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Highlights from Alberta budget 2019

Alberta budget 2019: A look at how the UCP plans to balance the books
WATCH ABOVE: Alberta's budget preserves health and education funding but there are cuts to cities, civil servants and universities. Tom Vernon takes a look at the nuts and bolts of the budget.

Alberta’s United Conservative government tabled its budget Thursday. Here are some of the highlights:

  • $8.7-billion deficit on revenues of $50 billion.

READ MORE: Alberta budget 2019 includes cuts to cities, civil servants, universities

  • Debt projected to rise from the current $63 billion to $72 billion by the spring, on track to reach $93 billion by 2023.
  • Three more years of deficits with projected surplus of $584 million in 2023.

READ MORE: Winners and losers in Alberta budget 2019

  • The public sector to be reduced by almost eight per cent over four years, mainly through attrition.
Alberta Budget 2019: Finance Minister asks public sector to ‘work with us’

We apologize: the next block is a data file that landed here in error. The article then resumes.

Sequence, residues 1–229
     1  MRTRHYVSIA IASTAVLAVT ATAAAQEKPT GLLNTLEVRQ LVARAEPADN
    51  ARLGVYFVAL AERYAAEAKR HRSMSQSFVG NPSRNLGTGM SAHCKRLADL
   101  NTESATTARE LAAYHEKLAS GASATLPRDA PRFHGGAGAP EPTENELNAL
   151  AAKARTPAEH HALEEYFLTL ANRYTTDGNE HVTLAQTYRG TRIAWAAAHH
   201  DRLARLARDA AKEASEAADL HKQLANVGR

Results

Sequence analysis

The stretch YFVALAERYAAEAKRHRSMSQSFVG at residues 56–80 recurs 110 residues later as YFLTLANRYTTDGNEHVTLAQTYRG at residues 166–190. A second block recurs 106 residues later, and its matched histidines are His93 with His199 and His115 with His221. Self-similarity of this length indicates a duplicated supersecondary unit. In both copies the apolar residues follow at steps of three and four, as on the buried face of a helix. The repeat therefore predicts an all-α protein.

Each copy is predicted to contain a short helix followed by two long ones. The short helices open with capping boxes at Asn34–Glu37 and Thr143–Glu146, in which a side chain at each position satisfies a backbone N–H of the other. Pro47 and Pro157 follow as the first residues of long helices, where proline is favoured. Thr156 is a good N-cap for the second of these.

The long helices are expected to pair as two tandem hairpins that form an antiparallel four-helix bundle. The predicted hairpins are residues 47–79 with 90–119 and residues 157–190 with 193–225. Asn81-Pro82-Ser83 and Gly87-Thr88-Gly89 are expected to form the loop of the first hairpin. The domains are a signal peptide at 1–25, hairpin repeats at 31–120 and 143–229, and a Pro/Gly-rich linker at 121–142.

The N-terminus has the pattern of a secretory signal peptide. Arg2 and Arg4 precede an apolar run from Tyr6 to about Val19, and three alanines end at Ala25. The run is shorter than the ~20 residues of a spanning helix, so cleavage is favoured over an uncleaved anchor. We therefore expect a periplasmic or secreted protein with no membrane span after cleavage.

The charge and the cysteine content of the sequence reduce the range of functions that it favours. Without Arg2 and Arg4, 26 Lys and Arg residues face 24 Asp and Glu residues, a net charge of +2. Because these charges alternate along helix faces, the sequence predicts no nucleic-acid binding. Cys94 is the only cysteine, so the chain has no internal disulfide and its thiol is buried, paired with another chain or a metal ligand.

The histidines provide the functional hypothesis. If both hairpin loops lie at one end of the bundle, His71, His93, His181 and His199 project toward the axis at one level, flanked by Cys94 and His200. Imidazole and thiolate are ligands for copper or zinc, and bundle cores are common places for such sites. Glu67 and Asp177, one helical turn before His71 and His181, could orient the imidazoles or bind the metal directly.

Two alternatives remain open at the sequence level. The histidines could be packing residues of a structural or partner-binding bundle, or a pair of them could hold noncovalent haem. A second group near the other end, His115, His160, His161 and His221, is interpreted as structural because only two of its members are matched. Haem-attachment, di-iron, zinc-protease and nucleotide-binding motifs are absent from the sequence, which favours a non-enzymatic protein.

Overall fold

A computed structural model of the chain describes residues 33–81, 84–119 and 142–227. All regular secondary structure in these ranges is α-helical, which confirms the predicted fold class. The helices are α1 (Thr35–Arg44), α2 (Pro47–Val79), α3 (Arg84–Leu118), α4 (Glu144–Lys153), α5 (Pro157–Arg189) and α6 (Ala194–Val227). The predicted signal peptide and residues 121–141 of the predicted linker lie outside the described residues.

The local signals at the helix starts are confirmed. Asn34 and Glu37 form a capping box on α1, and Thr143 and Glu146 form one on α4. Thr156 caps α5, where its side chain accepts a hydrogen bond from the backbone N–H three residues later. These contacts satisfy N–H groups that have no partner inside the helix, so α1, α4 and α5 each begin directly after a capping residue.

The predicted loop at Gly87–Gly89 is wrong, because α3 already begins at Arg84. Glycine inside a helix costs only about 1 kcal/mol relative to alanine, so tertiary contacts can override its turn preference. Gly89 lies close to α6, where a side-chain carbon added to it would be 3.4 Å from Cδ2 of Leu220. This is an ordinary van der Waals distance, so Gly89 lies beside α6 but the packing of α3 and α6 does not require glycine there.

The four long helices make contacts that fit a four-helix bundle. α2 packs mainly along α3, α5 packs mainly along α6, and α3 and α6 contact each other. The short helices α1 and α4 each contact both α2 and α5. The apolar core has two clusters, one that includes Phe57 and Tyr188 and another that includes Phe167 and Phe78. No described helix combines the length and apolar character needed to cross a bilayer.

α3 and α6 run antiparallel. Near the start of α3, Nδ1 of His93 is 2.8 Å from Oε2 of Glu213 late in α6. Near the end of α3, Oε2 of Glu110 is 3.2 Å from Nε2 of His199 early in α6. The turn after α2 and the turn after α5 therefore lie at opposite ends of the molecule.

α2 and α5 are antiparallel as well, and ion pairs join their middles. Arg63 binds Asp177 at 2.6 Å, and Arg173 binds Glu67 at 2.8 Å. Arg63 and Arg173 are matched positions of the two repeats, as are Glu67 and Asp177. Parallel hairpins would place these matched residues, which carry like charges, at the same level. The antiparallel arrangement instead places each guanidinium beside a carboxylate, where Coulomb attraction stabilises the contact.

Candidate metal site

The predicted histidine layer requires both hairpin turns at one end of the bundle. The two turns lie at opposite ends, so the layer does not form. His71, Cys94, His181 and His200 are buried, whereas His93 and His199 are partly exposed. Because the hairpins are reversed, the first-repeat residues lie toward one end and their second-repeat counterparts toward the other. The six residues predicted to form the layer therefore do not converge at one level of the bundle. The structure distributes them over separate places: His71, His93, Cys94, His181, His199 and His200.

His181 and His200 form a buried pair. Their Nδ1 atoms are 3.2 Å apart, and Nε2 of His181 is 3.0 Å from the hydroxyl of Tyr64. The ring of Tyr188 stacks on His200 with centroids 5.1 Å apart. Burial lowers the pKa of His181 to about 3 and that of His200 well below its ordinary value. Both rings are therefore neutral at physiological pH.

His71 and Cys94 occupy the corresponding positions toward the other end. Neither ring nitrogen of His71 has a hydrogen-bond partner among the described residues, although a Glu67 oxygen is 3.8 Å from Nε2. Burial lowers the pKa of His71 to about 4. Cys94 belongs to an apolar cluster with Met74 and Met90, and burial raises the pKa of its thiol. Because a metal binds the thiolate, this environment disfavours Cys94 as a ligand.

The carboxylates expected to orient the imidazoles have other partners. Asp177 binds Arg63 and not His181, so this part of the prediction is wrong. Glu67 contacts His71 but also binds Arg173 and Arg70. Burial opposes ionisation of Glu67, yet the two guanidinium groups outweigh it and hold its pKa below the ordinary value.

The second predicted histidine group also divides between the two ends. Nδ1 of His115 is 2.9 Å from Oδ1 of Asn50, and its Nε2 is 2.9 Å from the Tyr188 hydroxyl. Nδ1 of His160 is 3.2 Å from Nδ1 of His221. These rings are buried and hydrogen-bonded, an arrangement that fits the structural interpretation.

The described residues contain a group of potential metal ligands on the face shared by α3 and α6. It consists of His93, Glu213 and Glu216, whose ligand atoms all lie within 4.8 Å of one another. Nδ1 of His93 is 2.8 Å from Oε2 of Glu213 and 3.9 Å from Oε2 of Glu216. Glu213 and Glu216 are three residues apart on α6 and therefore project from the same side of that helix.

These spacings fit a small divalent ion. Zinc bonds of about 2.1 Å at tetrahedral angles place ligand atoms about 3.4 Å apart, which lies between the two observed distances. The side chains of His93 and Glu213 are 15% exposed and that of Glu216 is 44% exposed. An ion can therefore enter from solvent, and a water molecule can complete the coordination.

Alberta Budget 2019: Finance Minister asks public sector to ‘work with us’
  • No budgeted pay increases for public sector workers.
  • Program spending to drop 2.8 per cent over four years to $47 billion by 2023.
  • Health funding maintained as $20.6 billion.

READ MORE: Alberta Budget 2019: What’s in it for Edmonton?

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  • Education funding maintained at $8.2 billion.
  • Corporate income tax revenue to fall by $700 million to $4.2 billion in 2019-20.
  • Operational spending to be reduced by 0.5 per cent this year and eventually by 2.8 per cent to $47.1 billion by 2023.
Alberta budget breakdown in less than 1 minute
Alberta budget breakdown in less than 1 minute

READ MORE: Alberta Budget 2019: What’s in it for Calgary and Lethbridge?

  • A one-time payment of $1.5 billion to end the crude-by-rail shipment plan announced earlier this year by the former NDP government.
  • $1.8 billion in new capital funding for schools and new modular classrooms.
Political scientist Duane Bratt weighs in on Alberta budget 2019: ‘This was not a shock’
Political scientist Duane Bratt weighs in on Alberta budget 2019: ‘This was not a shock’